Employers’ basic pay growth expectations hit three-and-a-half year low

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Workers face a squeeze on their earnings as employers anticipate awarding median pay rises of just one per cent in the year ahead, according to findings from the latest CIPD/The Adecco Group Labour Market Outlook survey.

The survey of more than 1,000 employers suggests that the UK economy is about to be hit by a fall in basic pay awards and real wages. According to the survey data, employers’ median basic pay expectations in the 12 months to March 2018 have fallen to 1% compared to 1.5% three months ago, which is lower than at any time during the past three and a half years. This is consistent with recent Labour Market Outlook reports, which have indicated a slowing in the rate of basic pay growth, and with official labour market data.

While pay expectations are weakening, the survey finds that demand for labour remains robust for the second quarter of 2017. The report’s net employment balance, which measures the difference between the share of employers expanding their workforce and the share of employers reducing their workforce, remains positive. However, it has softened slightly since the previous report, down to +20 from the previous quarter’s figure of +23, which is consistent with a modest deterioration over the past two years.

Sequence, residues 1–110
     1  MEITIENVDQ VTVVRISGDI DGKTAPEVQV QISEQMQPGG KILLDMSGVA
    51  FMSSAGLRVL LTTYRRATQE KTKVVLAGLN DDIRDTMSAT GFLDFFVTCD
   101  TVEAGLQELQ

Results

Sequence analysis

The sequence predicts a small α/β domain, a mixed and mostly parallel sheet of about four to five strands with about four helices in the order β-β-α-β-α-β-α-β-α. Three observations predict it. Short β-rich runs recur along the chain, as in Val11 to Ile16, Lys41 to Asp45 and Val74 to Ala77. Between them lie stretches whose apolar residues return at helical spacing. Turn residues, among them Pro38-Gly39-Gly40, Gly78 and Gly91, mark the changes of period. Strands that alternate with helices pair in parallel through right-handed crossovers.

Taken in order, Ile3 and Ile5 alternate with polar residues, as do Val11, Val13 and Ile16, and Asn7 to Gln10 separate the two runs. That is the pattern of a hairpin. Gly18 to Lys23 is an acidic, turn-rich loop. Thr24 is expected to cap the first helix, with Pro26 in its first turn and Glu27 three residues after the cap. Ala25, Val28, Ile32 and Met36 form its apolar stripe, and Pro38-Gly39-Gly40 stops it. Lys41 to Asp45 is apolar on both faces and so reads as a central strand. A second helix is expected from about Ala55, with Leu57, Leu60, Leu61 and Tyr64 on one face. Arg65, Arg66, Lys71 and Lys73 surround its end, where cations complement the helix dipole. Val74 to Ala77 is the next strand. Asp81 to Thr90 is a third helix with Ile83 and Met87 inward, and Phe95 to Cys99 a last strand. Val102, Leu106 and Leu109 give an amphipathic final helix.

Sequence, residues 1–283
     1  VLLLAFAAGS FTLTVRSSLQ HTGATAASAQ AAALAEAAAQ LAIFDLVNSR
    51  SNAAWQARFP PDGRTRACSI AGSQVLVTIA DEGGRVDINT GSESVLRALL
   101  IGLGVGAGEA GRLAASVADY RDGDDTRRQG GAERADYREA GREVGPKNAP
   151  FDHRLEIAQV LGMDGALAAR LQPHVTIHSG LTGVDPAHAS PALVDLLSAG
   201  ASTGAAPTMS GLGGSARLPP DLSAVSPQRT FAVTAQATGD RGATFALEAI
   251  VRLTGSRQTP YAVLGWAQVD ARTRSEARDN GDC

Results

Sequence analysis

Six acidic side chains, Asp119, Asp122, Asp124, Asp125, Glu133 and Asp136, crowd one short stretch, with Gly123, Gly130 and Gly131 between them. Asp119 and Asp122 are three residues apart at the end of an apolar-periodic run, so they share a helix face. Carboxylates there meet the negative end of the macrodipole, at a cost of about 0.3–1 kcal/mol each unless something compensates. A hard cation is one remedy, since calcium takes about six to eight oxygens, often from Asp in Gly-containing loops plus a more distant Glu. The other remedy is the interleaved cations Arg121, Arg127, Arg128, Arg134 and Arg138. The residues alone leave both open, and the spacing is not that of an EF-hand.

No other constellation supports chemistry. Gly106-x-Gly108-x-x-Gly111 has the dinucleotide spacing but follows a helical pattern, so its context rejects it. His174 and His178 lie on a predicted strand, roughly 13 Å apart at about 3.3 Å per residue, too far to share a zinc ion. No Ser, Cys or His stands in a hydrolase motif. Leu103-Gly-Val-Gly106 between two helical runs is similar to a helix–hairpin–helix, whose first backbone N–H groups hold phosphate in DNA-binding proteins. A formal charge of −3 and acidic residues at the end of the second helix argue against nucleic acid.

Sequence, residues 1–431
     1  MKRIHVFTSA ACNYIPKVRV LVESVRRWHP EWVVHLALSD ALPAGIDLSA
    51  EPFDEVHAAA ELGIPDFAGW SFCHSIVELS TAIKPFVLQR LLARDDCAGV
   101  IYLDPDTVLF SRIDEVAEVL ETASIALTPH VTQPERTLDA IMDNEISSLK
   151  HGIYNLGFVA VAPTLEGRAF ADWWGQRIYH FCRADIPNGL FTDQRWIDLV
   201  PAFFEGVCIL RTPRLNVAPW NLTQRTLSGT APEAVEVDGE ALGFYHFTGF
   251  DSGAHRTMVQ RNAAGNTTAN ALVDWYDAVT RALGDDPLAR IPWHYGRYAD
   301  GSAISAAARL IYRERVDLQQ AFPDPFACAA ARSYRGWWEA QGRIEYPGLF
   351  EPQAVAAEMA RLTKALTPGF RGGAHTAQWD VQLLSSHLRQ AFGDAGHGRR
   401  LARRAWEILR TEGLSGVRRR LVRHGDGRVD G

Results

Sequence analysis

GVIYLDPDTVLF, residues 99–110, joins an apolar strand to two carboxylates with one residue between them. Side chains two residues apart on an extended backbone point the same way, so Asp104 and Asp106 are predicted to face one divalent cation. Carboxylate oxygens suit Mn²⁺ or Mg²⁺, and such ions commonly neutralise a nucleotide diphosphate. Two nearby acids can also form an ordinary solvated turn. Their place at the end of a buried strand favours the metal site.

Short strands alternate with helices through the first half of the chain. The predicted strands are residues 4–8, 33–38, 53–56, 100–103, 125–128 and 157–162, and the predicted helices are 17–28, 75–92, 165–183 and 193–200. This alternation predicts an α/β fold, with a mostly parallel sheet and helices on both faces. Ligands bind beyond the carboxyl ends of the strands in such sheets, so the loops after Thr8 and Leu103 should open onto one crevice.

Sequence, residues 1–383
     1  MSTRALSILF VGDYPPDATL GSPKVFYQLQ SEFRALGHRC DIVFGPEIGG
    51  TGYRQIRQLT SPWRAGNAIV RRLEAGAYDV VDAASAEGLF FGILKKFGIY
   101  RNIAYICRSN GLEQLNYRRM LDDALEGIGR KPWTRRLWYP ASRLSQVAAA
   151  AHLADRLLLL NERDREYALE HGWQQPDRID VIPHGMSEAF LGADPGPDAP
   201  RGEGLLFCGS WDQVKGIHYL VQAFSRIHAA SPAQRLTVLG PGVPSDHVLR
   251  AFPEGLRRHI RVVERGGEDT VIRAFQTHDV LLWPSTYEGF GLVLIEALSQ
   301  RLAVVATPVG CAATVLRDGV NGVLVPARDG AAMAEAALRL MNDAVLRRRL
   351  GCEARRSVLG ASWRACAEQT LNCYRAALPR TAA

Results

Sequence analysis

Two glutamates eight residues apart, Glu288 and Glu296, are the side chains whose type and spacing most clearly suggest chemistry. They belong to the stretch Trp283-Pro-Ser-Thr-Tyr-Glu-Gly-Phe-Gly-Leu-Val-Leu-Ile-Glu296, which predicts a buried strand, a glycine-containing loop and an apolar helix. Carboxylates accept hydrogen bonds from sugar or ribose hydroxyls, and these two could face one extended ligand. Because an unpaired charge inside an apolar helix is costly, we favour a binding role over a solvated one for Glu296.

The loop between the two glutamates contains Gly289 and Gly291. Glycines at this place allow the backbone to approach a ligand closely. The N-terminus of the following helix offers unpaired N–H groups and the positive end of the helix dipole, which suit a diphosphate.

Labour demand is highest in the manufacturing and production sector (+38), but it seems that manufacturing and production employers are also having particular difficulty filling vacancies. Meanwhile, the net employment balance in the public sector has turned negative (-6) since the previous report (+6) as more public sector employers expect to reduce the size of their workforce in the second quarter of 2017, compared with the number who plan to increase it.

Gerwyn Davies, labour market adviser at the CIPD, the professional body for HR and people development, comments:

“The good news in this latest survey is that employment confidence remains positive, with sectors like manufacturing and production proving particularly buoyant. The bad news is that there is a real risk that a significant proportion of UK workers will see a fall in their living standards as the year progresses, due to a slowdown in basic pay and expectations of inflation increases over the next few months. This could create higher levels of economic insecurity and could have serious implications for consumer spending, which has helped to support economic growth in recent months.

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